Concerns ranged from practical ones (the possibility of the exercises starting wildfires) to more outlandish ones: some called it a smokescreen for the imposition of martial law, while others view the exercises as a means to confiscate guns from citizens, which will set the stage for a military takeover of Texas.

The media, not surprisingly, had a field day: article after article detailed the fear and concerns of a certain sect of Texan citizens, tossing around the terms “conspiracy theorists” and “paranoid” to describe them.

But are those who believe in governmental conspiracies really paranoid, in the clinical sense of the word? And if Jade Helm-like conspiracy theories are on the rise, is this an indication that, as a culture, we’re becoming more paranoid? As I detail in my upcoming book Paranoid: Exploring Suspicion From the Dubious to the Delusional, I believe the answer very well might be “yes.”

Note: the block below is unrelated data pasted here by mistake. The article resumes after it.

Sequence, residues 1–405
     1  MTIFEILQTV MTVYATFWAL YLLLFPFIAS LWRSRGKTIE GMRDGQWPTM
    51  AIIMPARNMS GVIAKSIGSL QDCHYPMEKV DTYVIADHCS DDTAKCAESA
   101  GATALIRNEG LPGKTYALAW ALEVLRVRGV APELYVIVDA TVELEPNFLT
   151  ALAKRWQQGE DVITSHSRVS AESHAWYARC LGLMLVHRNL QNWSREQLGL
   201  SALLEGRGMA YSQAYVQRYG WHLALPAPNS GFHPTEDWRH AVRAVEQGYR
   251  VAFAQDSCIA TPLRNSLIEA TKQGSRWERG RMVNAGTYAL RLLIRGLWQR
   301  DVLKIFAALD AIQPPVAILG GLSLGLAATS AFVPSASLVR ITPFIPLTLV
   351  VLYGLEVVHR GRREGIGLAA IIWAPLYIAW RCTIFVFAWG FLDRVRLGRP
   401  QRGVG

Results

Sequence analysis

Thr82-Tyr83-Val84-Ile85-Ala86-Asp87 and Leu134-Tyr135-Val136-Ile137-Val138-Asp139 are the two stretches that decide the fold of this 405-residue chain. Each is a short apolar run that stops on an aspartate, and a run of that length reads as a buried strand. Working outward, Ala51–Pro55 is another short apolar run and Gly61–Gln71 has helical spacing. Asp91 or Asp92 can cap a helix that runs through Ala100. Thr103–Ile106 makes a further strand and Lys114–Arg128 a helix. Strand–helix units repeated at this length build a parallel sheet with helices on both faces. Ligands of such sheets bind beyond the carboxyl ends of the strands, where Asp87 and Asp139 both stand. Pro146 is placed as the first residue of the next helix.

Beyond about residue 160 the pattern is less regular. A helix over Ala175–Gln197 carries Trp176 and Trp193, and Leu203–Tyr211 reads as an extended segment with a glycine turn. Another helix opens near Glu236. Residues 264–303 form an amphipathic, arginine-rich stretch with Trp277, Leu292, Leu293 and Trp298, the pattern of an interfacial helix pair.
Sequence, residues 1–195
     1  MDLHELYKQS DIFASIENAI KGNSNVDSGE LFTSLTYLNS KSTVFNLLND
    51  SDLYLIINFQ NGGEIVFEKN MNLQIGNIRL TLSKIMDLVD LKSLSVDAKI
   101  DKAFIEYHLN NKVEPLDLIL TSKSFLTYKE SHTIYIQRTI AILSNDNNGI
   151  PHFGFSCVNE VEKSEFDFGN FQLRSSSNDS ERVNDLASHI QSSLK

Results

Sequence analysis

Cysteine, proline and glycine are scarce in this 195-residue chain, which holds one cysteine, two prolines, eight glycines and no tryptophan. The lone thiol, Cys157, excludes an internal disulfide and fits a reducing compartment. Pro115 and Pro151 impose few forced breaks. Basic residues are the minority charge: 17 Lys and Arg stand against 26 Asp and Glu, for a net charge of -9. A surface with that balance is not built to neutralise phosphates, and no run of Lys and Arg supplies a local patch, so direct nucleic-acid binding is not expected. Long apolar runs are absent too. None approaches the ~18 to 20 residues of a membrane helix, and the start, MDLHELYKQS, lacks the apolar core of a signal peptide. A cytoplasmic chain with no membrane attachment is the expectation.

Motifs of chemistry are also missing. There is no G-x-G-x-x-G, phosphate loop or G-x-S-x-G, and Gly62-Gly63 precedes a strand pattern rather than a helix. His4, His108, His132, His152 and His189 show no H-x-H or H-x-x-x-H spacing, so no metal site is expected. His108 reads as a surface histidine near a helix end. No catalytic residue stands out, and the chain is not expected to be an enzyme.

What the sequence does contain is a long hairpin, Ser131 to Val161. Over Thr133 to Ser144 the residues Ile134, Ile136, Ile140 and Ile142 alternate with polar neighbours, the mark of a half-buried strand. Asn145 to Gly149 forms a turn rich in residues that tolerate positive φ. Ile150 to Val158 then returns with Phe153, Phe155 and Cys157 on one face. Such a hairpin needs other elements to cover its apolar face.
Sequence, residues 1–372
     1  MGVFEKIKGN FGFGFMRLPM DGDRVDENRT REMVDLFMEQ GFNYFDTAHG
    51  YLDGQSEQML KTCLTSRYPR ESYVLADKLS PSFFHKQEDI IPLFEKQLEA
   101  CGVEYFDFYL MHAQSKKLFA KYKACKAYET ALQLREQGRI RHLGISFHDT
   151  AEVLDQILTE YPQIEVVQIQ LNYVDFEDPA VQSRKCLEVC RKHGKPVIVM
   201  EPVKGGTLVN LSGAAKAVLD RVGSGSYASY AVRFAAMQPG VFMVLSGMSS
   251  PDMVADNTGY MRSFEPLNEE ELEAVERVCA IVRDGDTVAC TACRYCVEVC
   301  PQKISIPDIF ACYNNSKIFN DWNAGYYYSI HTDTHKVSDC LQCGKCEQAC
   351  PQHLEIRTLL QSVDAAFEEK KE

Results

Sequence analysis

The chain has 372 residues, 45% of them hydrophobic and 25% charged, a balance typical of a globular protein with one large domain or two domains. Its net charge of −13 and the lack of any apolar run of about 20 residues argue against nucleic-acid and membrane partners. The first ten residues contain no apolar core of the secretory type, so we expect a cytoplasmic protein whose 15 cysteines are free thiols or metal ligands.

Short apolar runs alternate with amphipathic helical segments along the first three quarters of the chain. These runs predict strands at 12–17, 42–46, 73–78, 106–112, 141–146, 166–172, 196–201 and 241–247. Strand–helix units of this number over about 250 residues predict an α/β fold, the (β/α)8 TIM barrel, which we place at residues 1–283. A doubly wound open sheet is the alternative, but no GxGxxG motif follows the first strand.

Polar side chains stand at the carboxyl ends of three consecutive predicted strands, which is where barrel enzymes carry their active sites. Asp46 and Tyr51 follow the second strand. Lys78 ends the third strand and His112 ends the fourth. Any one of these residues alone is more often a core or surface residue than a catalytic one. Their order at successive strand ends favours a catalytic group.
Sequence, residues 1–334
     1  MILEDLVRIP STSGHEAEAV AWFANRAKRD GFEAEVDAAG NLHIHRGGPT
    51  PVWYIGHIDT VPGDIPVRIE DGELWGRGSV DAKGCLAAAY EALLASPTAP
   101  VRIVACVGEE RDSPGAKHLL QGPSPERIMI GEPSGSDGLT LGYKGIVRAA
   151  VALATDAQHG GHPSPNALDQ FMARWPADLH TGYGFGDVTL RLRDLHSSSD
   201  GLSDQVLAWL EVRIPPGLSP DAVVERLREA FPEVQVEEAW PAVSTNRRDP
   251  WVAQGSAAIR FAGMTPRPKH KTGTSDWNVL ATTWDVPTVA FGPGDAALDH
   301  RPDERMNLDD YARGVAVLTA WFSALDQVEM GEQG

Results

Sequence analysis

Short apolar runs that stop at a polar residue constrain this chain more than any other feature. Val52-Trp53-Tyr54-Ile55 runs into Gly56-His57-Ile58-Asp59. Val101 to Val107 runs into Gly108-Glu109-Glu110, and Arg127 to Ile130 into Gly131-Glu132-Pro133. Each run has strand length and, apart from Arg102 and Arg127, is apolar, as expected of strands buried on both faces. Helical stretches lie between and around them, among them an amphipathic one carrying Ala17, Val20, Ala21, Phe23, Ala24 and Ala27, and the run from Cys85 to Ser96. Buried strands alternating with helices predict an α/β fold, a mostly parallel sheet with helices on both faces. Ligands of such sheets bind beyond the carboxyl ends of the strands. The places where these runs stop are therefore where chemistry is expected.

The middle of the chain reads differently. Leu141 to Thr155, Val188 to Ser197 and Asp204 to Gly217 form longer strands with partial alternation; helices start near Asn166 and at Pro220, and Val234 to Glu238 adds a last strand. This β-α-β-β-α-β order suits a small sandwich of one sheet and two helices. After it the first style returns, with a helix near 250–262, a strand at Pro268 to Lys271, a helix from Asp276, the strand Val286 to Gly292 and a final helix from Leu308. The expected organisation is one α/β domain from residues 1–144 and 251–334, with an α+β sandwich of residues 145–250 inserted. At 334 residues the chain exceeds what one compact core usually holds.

What is paranoia, clinically speaking?

The word “paranoia” is often tossed around in the same way that “depression” is. It’s used most often to mean that someone is overly suspicious (or in the case of depression, sad).

Paranoia in a clinical sense, though, refers to a pathological condition in which individuals, without good reason or evidence, consistently believe others are out to get them.

So are Texans who think that martial law is about to be imposed paranoid? Well, to the extent that their fears lack evidence, are rigidly held onto, are not modified by counter-argument, cause them distress and result in anger – then, perhaps, they are. After all, those are some of the classic characteristics seen in paranoid patients.

But you can be wary without being paranoid. Recent revelations regarding the government’s domestic spying will make even the most trusting of us a bit more concerned. There’s a thin line between “Jade Helm is designed to take away our guns” and “it’s designed take away my guns.” The latter belief – the personal one – comes closest to clinical paranoia.

So are we more paranoid?

To many, the Jade Helm conspiracy theory sounds downright delusional. It ranks up there with Area 51’s space aliens and the government’s role in blowing up the twin towers on 9/11.